Scott Crawford from DMAS (sitting in for Cindy Jones) reports that there is withholding of inflation increases to some provider groups who have gotten inflation increases in the past in the proposed budget. This is seen as a cut. I don’t think these groups are MH, SA, ID, DD providers.

In DMAS’s section of the budget there shows an increase in funding for involuntary commitment is based on statistical forecasting.

Mira has listed out the sections of the full budget language into an Excel document with space for comments.

    I am going to try and do the same thing for VOCAL

, much like how I’ve done bills in past years. The Budget issues tend to overwhelm my brain. I bet a chart will help me wrap my mind around it all.

The Medicaid language in the Governor’s proposed budget is much shorter this year than last.

    I need to look at it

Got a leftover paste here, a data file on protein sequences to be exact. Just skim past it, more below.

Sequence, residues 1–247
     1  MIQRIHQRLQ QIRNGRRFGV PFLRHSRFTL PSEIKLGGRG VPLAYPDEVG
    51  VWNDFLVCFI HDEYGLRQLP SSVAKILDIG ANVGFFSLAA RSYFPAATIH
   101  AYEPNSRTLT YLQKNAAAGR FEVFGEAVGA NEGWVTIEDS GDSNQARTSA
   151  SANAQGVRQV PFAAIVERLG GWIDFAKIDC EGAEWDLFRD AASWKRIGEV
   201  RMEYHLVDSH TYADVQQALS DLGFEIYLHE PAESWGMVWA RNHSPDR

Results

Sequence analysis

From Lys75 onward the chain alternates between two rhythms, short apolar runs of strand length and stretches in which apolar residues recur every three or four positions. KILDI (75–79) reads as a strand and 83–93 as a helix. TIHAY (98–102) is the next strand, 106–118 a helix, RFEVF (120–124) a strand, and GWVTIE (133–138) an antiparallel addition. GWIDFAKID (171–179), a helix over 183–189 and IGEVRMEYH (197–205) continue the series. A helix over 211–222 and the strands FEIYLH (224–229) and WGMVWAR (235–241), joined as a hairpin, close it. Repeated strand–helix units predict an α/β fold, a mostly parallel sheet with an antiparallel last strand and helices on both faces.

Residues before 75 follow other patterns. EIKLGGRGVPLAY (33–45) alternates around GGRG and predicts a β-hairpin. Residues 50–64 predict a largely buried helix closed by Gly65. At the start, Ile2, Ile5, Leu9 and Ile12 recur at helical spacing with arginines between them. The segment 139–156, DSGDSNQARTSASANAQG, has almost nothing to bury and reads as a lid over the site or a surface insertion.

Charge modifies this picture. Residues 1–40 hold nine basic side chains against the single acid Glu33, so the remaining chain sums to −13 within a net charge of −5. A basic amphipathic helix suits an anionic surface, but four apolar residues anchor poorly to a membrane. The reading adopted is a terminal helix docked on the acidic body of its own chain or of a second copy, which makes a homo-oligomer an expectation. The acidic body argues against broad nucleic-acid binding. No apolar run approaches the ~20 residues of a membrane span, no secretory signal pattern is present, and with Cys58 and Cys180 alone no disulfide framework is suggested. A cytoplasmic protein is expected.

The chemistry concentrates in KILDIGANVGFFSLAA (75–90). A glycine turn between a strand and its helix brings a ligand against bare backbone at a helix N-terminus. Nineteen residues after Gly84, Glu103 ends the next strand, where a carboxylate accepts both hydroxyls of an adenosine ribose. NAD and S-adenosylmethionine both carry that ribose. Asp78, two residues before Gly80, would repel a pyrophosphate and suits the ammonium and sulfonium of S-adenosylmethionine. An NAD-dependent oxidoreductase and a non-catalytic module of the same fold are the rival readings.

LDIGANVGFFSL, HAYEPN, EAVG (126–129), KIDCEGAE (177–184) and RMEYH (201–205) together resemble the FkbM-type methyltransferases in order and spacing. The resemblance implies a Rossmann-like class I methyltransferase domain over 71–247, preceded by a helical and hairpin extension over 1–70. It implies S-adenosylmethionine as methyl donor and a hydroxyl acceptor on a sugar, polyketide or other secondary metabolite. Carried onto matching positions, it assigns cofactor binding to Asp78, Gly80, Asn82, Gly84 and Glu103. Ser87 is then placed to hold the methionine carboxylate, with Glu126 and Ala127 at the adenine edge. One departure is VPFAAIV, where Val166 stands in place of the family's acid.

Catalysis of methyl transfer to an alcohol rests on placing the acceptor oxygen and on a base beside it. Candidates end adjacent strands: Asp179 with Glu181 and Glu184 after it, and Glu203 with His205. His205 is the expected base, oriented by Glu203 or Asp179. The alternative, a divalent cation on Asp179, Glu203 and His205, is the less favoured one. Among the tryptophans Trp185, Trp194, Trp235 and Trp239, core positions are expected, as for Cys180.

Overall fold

. I haven’t really looked over the Medicaid part of the budget yet.

SSI income eligibility reduction.

    Need to find this in the budget proposal

. (Approx 4000 people affected. “Reduces the income level to 2094 may qualify for …….., reducing the income level to 250% of ….”

The budget language around drug courts seems to be strengthening the viability of drug courts in Virginia. In the past the Supreme Court (or was it a particular Justice) opposed specialized courts. What does this mean for the future of mental health courts? Ned is going to float this past the state drug court association to get their take on this.

The Transfer from CSU language that has been worked on this year will not be going forward into legislation this year. It may (or may not) be submitted next year. The CSU’s that are facing this issue will be asked to submit data around this to help define the need for this.

The Dept has agreed to a study on forensics.

Most of those in this group have not heard of the work that Richard Bonnie is doing.